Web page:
The great white sharks are the largest predatory (involved in hunting other animals) fish. (Smalls, December 6, 2002)

    Now, the unknown word to me is predatory.Iwouldlikeyouto talk with your partner and see if you can figure out the meaning of predatory. Discuss the clues that helped you determine, or figure out, the meaning.

    Can anyone tell us what the word predatory means and what clues helped with determining, or figuring out, the meaning?

    John: Predatory means that the shark is a predator and hunts other animals.

    Mrs. Kaholo: Yes, thats true. Can you tell me what clues helped you figure out the meaning?

    John: Itsaysrightthereinthetext,involved in hunting other animals.

    Mrs. Kaholo: Yes, the answer is right in the sentence. Sometimes the definition or other clues are right in the same sentenceastheunknownword.Othertimes,thecluesarenotso easy and the reader has to work hard to find them. And sometimes there arent any clues provided. So one way you can figure out unknown words is to look for clues in the same sentence.Imgoingtowritein the same sentence in the clue section on our anchor chart.

    Charles: Mrs. Kaholo, is the word predatory supposed to be atrickster?Imean,whyisthereay at the end of the word predator?

    Mrs. Kaholo: Good eyes, Charles. Remember the other day when we learned the word mistreatment? We add letter groups at the end of the word. Those letter groups are called suffixes. The letter y can also be a suffix. Predatory describes whatkindoffishthesharkis.Ifwetakeoutthewordsinside

  • 32 Effective Instructional Strategies

    the parentheses, the author wrote predatory fish. A shark is a fish and it is a predator. Does that make sense?

    Charles: Kindof.AtleastnowIknowtheletter y is a suffix.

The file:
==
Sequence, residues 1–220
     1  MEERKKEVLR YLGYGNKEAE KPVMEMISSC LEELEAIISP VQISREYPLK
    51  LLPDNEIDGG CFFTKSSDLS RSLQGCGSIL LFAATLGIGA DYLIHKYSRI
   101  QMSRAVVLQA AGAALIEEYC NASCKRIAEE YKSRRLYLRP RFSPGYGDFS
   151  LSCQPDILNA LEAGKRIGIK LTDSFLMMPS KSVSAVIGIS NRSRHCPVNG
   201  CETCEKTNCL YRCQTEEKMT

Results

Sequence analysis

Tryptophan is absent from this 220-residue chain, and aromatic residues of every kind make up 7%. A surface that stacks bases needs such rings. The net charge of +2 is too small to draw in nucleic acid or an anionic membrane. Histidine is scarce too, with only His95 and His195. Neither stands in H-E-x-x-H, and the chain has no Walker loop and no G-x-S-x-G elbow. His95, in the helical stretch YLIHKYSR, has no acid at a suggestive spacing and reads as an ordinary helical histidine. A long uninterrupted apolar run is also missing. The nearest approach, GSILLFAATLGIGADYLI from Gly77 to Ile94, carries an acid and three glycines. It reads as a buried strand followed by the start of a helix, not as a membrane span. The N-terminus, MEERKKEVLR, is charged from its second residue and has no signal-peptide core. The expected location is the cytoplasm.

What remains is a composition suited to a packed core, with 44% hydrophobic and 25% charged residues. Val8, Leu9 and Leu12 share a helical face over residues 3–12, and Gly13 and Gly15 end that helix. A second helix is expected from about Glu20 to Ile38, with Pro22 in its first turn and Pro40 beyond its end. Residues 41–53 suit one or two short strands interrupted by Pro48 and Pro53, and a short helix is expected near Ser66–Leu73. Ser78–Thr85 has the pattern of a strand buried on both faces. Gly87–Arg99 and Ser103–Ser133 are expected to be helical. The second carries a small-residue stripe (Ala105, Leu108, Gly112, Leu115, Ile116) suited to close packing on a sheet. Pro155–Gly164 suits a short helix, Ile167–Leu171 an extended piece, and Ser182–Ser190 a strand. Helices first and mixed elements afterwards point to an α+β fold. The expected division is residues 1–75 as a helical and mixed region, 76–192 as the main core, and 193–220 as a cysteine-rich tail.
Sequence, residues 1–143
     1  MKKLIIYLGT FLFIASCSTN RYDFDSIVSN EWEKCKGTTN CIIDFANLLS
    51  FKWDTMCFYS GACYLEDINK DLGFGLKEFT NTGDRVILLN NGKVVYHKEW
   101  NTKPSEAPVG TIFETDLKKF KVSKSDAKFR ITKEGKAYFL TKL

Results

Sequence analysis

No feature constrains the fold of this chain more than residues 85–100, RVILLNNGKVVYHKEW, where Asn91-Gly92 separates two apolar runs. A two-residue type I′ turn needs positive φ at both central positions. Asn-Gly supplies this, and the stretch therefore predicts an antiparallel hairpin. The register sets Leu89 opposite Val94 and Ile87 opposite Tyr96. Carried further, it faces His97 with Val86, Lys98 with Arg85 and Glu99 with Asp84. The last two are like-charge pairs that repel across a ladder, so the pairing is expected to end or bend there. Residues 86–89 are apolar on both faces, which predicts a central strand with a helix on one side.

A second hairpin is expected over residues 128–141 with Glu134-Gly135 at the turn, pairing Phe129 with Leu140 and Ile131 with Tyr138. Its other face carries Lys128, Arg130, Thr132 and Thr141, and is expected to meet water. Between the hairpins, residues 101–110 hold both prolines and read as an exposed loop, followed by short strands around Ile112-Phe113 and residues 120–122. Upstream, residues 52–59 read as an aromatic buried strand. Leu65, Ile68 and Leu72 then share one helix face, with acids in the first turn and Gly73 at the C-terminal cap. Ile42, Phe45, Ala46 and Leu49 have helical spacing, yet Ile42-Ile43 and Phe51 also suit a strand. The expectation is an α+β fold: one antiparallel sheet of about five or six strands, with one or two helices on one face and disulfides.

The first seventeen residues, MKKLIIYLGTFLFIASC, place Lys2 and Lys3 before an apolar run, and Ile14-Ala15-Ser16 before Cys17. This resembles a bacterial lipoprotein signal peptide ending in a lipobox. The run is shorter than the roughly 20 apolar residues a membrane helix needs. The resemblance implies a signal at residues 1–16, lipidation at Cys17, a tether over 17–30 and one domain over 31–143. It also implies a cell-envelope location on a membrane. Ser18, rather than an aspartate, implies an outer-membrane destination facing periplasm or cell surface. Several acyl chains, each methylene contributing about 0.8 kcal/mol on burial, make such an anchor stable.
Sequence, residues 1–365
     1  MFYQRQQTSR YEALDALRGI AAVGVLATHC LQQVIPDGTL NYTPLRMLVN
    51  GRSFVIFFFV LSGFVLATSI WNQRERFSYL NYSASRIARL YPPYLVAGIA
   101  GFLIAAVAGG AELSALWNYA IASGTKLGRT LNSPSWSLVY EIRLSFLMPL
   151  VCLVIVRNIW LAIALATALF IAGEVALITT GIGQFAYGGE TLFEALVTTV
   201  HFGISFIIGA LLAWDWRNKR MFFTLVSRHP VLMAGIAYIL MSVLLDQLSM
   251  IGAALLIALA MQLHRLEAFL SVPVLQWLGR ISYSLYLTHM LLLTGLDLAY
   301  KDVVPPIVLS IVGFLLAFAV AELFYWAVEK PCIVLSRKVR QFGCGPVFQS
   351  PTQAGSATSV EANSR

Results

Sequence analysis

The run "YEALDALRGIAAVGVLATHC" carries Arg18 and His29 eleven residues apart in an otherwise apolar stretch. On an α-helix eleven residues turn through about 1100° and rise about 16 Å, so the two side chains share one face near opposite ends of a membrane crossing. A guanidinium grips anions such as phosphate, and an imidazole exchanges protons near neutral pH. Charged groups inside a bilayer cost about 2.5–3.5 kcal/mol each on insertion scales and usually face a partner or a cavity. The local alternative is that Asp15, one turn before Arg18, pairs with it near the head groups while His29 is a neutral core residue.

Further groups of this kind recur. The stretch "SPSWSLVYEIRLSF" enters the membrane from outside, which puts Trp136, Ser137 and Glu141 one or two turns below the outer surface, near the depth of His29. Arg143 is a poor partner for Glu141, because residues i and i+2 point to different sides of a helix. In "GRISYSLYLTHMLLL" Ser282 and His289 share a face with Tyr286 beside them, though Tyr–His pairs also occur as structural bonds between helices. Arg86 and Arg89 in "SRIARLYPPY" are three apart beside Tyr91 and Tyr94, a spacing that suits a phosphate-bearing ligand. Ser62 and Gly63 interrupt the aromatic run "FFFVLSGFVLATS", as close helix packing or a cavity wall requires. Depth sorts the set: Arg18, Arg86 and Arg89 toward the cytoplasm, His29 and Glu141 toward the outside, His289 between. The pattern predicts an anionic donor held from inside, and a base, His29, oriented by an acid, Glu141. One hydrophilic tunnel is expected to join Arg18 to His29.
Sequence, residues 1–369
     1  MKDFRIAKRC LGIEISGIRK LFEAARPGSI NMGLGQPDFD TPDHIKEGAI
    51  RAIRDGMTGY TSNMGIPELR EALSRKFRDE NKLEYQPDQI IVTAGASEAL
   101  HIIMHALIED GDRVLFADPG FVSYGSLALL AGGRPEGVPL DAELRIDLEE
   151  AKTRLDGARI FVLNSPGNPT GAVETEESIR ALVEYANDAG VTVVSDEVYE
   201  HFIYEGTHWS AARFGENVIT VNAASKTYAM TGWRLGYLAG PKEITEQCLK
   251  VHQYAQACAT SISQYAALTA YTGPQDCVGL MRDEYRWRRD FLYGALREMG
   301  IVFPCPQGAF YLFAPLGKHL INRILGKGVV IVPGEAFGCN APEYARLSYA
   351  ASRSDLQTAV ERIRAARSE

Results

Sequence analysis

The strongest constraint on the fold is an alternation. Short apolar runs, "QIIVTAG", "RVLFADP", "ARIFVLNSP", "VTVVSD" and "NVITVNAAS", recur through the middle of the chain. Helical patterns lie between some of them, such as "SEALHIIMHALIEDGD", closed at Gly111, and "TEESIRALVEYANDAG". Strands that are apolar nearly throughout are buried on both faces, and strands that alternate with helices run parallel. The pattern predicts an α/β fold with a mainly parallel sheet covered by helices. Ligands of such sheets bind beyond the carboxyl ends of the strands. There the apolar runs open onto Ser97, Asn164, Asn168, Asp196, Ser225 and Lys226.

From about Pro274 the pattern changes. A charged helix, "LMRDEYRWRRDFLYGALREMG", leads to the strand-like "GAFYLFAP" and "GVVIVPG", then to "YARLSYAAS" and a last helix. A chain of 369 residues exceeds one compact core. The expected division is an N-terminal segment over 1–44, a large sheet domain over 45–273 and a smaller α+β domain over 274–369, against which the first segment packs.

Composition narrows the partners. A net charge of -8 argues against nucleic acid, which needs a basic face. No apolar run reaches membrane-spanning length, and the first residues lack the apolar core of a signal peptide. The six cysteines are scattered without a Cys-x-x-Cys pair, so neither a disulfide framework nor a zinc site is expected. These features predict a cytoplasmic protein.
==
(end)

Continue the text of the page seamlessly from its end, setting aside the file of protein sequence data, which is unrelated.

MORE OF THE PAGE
Mrs. Kaholo sees how Charles is now thinking about words. Shes glad she stopped to address his concerns and continues on to focus on context clues. Now lets try another one. Go to the sidebar on therightsideofthepage.FollowasIreadalong.

    Most sharks hatch from eggs. Great whites are born alive. Great white babies must fend for themselves. Their moms dont take care of them after they are born. (Smalls, December 6, 2002)

    Mrs. Kaholo: Imnotsureabouttheword fend. The sentence that includes the word fend doesnt help me very much. Sometimes the best hints are in the samesentence,butIdontseeanygoodcluesinthissentence.Illlookatthesentencebeforeandafter.Thesentence before says, Great whites are born alive. That doesnt help me figure out the meaning of the word fend.

    The sentence after tells me that the mom doesnt take careofthemaftertheyareborn.Oh,Ithinkfend must have to do with the fact that the babies have to watch outforthemselves.Letmeseeifthatmakessense.Imgoing to read the sentence again with that meaning in mind.

    Great white babies must take care of themselves. Their moms dont take care of them after they are born.

    Yes, that makes sense in the sentence. Lets go back to the chart and write down that clues can also be found in the sentence after.

    Mrs. Kaholo provides guided practice for students. They work with partners to find context clues to unfamiliar words. They underline the unknown word and write their definition based on the clues they find. She reminds the students to ask themselves, Does this meaning of the word make sense in the sentence that Im reading?

    Afterward,Mrs.Kaholomeetswiththeclasstogoovertheiranswers and reinforce the use of the different context clues. She asks volunteers to share the meaning of the various words. Astheyexplain,shereferstotheanchorchartandasksthemtoshare which strategy was used.

  • Teaching Vocabulary Explicitly 33

    Mrs. Kaholo provides students with another article about sharks as independent practice. She writes four words on the board and asks students to determine their meaning using context clues. She wants them to write down the meaning